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NEWS | Feb. 16, 2016

How to defend your domicile

By 628 ABW/315 AW Legal office

"What is your state of legal residency?"  It's a question the legal office asks every day when drafting wills and powers of attorney. The answer has important legal consequences for tax liability among other things.  Military members rotate duty stations every two years which adds complexity to the answer. 

A person's domicile or our state of legal residence, dictates rights and obligations with regard to that specific jurisdiction.  Framing a hypothetical scenario assists in navigating a complex framework.  For example, if "SSgt. Snuffy" moves from New York to Texas, where is he domiciled?  In short, it depends.  Let's start by assuming that "SSgt Snuffy" was a legal resident of New York but now wants to become domiciled/a legal resident in Texas, one of seven states with no income tax. 

Establishing domicile or state of legal residency is a two part test.  First, physical presence in the state is required.  A member actually has to set foot in a state to claim it as a legal residence or domicile.  Second, a court will analyze a member's intent to remain in a state.  The way to establish, "intent to remain in a state," is to establish and maintain minimum contacts with that state.  For example, owning land in Texas, registering to vote in Texas and obtaining a Texas driver's license would be indicators of the intention to remain in Texas.  Some states consider 26 different factors when determining where a person is domiciled. 

Members often get confused by the term "Home of Record" and "State of Legal Residency."  Home of record is where a member joins the military.  This is the location where the military will pay to return a member after he/she separates or retires.  Although possible, as a general rule, military members do not change their home of record.  Members can change their state of legal residency or domicile at any time by establishing and maintaining minimum contacts with a state, as previously discussed.  

The issue frequently seen in the legal office is a member claiming legal residency on his/her LES but not actually having contacts with the state that is being claimed.  Changing the notation of your state of residency on your LES does not automatically make you a resident of that state.  It might be one of the many factors a particular jurisdiction would look at in determining whether you are a legal resident of that state but, at best, it would only be a tiny factor - home ownership, voting, possession of state identification are all much greater factors in that analysis.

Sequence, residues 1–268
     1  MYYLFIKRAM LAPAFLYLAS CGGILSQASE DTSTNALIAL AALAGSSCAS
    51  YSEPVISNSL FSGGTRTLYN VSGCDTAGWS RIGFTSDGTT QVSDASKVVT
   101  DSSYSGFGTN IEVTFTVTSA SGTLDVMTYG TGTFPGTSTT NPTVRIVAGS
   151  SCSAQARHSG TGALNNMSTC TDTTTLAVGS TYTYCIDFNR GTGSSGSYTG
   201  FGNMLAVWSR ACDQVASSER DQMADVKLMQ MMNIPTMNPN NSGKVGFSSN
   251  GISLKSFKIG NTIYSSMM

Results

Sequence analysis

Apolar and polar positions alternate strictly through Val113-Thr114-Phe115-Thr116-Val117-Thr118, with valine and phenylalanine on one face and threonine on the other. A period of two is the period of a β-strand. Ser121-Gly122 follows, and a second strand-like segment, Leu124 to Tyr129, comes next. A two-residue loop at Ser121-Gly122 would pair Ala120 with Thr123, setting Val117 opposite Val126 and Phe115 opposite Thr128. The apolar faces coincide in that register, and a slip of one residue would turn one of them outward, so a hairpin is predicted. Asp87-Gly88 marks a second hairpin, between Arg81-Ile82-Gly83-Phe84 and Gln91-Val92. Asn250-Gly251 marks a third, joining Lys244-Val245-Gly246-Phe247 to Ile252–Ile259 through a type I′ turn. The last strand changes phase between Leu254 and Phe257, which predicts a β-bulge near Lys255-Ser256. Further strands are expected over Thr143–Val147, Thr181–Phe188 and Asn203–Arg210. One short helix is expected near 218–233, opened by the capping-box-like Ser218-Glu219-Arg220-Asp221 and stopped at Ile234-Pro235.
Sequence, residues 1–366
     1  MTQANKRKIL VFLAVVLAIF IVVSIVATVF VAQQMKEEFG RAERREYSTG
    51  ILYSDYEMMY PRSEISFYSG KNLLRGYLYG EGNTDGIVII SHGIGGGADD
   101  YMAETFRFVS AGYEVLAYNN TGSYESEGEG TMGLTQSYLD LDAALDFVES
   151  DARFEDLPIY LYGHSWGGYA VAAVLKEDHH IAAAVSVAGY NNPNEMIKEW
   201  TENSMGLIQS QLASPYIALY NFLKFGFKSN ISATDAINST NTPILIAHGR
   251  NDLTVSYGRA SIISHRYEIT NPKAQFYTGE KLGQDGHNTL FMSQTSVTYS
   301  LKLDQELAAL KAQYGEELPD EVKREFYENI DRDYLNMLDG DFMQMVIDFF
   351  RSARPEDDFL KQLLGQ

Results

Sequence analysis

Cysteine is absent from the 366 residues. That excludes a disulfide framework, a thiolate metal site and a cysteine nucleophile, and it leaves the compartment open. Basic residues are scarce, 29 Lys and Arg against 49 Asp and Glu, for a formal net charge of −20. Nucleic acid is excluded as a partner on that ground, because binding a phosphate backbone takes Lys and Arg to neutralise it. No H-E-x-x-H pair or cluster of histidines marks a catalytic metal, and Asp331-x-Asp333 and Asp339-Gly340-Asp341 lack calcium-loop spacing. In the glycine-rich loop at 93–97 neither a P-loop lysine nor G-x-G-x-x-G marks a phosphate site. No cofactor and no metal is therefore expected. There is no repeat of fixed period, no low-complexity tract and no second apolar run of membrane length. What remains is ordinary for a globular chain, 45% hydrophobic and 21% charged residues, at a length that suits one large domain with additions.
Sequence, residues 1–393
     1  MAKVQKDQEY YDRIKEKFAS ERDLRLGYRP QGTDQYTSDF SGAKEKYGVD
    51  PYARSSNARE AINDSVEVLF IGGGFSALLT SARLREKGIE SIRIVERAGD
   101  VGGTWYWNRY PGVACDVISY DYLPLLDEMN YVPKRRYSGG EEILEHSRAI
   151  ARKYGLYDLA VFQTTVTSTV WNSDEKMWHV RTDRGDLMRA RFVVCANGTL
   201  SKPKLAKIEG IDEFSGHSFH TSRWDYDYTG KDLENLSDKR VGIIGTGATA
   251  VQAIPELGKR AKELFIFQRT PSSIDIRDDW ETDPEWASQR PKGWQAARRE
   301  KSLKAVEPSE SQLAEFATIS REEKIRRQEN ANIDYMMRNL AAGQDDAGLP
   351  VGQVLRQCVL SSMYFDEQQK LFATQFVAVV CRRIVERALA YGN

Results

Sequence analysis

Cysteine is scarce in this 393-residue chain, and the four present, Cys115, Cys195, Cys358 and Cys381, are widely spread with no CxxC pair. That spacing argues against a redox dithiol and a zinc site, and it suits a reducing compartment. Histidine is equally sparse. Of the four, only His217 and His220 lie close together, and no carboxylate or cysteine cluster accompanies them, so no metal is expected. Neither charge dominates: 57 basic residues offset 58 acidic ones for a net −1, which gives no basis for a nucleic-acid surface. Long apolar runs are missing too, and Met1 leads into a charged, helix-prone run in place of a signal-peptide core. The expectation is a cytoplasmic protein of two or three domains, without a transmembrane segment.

Although the Servicemember's Civil Relief Act (SCRA) allows members to maintain their state of legal residency when performing military duty in a different state, the key word that members overlook is "maintain."  Members must actively maintain or defend their domicile/residence.  When a member moves into a state and obtains a driver's license, purchases a home, registers to vote and registers his/her vehicles, this can result in them having no contacts with the previous state.  When this happens, the member has effectively abandoned his/her domicile or residency in the previous state; therefore, that state cannot be claimed on the member's LES for tax purposes.  The new state where the member has established contacts now has legal standing to tax the member's income and could potentially seek taxes and failure to file penalties for all the years that the member resided in the new state.

The Military Spouses Residency Relief Act (MSRRA), which was passed in 2009, allows military spouses to maintain the state of legal residency that is shared by the member and spouse.  This law is often misunderstood.  A dependent spouse cannot claim a member's state of legal residence by virtue of being married to the member. A dependent spouse who never lived in Texas cannot claim to be a Texas resident just because their spouse is a resident of Texas.  The dependent spouse must be a resident of the state because he/she has established minimum contacts with that state, i.e., property ownership, voter registration, driver's license, etc. 

Military members and dependents must actively defend their domicile, if they desire to claim that state for tax purposes.  It is important to note, SCRA does not necessarily protect a military member from having to secure a driver's license from the state where they are stationed, even if that member intends to remain a legal resident of a different state.  Therefore, obtaining a state identification card from your state of legal residence is a good way to demonstrate your intent to maintain residency, especially, if you are stationed in a state that requires you to obtain a driver's license in that state.

This article is not intended to replace seeking legal advice from an attorney.  Legal assistance is provided at the Air Base on a walk-in basis on Tuesdays from 1200-1500.  Legal Assistance is available at the Naval Weapons Station on a walk-in basis Mondays from 0800-1100 and on Fridays by appointment from 0800-1100.  Please call 843-963-5502 for all appointments.